In addition, if you have a mortgage on the property, you may be subject to a prepayment penalty. “When selling a home after a year or less, a mortgage prepayment penalty [may be] applied of approximately 2 to 5 percent of the loan amount,” says mortgage broker Chris Allard of the Chris Allard Mortgage Team in Ottawa, Canada. “The minimum penalty is 3 months of interest, to a maximum of approximately 5 percent of the total loan amount.”

Amy Cherry Taylor, a Realtor and associate broker at Amy Cherry Taylor & Associates in Fredericksburg, Virginia, notes that most loans don’t contain this penalty. But you’ll want to check your specific mortgage to make sure you aren’t subject to it. “If you used a first-time homebuyer program or a grant program, you may have some type of fee that will be owed upon the sale of the property,” she says.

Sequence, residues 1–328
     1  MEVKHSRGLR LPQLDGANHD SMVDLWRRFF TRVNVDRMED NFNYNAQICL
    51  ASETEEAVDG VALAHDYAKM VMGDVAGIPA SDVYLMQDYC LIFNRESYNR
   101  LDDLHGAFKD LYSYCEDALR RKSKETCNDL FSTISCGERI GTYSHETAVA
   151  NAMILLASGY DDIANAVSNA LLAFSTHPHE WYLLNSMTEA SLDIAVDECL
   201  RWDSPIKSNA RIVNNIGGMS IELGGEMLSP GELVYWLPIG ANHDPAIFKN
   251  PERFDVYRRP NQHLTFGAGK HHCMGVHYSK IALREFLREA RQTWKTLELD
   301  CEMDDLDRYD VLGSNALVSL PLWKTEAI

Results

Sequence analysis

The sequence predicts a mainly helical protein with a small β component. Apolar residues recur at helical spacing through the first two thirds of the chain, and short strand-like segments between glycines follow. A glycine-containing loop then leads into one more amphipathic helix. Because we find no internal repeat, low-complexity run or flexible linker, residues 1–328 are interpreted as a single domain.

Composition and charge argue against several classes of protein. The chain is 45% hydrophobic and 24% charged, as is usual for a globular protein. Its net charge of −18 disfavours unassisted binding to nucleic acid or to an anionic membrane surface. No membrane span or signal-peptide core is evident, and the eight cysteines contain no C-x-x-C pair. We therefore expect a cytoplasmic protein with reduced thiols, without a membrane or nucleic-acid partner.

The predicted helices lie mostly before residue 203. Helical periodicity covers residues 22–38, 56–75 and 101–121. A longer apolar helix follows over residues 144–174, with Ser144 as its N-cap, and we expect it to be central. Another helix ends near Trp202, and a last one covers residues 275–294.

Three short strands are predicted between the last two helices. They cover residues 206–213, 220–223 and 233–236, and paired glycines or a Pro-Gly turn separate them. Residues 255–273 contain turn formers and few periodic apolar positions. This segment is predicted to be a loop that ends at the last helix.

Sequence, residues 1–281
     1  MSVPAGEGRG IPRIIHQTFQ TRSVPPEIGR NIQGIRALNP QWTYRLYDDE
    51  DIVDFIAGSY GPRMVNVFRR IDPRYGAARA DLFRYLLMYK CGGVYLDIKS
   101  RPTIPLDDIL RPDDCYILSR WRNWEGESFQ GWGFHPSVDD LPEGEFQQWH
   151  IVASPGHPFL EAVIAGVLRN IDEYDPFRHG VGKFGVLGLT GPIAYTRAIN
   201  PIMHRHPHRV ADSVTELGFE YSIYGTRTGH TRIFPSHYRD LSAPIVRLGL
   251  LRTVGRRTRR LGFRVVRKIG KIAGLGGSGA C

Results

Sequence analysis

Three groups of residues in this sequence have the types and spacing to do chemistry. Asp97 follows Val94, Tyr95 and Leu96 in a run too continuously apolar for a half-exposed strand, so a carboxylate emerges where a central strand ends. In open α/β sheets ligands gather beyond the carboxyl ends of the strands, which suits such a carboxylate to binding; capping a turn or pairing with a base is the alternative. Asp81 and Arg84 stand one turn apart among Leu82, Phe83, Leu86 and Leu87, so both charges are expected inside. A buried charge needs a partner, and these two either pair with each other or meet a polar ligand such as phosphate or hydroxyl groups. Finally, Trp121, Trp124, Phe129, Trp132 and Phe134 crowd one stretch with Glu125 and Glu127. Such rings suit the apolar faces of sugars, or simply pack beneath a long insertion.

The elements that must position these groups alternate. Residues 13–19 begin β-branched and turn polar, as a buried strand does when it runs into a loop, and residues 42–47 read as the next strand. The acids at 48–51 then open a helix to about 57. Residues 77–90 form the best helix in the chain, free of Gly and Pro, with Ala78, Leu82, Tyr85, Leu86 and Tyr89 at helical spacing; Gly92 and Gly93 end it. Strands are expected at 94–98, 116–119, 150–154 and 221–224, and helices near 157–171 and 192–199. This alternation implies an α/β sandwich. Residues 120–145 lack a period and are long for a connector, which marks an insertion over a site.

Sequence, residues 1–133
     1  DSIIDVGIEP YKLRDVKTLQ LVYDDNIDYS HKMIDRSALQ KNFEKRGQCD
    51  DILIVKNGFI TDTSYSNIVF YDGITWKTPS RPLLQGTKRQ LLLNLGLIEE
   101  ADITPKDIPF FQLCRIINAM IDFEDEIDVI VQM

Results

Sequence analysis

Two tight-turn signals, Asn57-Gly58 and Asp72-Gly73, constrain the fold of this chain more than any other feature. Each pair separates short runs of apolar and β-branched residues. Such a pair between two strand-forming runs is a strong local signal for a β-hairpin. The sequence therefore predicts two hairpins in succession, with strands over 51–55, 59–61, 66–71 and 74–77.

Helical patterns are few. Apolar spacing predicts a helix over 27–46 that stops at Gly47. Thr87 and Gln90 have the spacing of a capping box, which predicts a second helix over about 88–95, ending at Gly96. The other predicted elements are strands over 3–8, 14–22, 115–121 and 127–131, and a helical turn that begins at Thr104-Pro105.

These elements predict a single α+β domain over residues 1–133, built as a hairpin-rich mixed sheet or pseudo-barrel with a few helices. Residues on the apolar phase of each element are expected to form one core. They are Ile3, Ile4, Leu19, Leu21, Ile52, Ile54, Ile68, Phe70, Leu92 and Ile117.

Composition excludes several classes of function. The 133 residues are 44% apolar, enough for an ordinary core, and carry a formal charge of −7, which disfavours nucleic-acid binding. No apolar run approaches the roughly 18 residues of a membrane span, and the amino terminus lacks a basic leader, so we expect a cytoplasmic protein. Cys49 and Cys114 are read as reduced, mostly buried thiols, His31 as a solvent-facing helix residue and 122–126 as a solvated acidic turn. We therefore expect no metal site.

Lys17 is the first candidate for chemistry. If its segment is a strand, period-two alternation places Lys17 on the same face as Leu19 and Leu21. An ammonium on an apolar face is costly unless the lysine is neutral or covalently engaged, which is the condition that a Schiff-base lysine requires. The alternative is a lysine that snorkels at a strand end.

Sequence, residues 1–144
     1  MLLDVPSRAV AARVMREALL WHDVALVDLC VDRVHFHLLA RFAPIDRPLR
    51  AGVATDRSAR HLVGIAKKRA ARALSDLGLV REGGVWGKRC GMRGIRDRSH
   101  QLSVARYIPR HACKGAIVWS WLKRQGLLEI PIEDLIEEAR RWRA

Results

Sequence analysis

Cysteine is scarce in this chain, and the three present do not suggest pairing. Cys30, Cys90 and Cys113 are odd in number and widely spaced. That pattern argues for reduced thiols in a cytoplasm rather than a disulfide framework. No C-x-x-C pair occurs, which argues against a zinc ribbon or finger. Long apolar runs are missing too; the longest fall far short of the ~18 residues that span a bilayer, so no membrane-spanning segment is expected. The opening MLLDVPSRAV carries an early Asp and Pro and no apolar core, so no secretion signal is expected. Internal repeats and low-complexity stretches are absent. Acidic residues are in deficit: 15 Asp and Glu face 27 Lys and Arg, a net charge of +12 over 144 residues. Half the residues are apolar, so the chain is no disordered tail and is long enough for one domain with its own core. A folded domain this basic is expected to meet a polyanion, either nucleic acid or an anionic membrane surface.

Exceptions

There are some exceptions that may allow you to avoid paying additional fees for selling your home within the first year of ownership. These include hardships like job loss, divorce or a death in the household. You may also be able to receive an exception for military service. Be sure to consult with an attorney if you believe you are eligible for one of these exceptions.

Drawbacks of selling too quickly

Typically, if you’re selling your home after one year or less, something has gone wrong or an unexpected circumstance has caused a dramatic change of plans. That is sometimes unavoidable, of course, but it does create some challenges:

Capital gains and tax implications

Capital gains taxes are likely to be the biggest expense you will face when selling your home so soon after purchasing it. “Capital gains tax will be owed if you have not [yet] lived in your primary residence for two years,” says Taylor.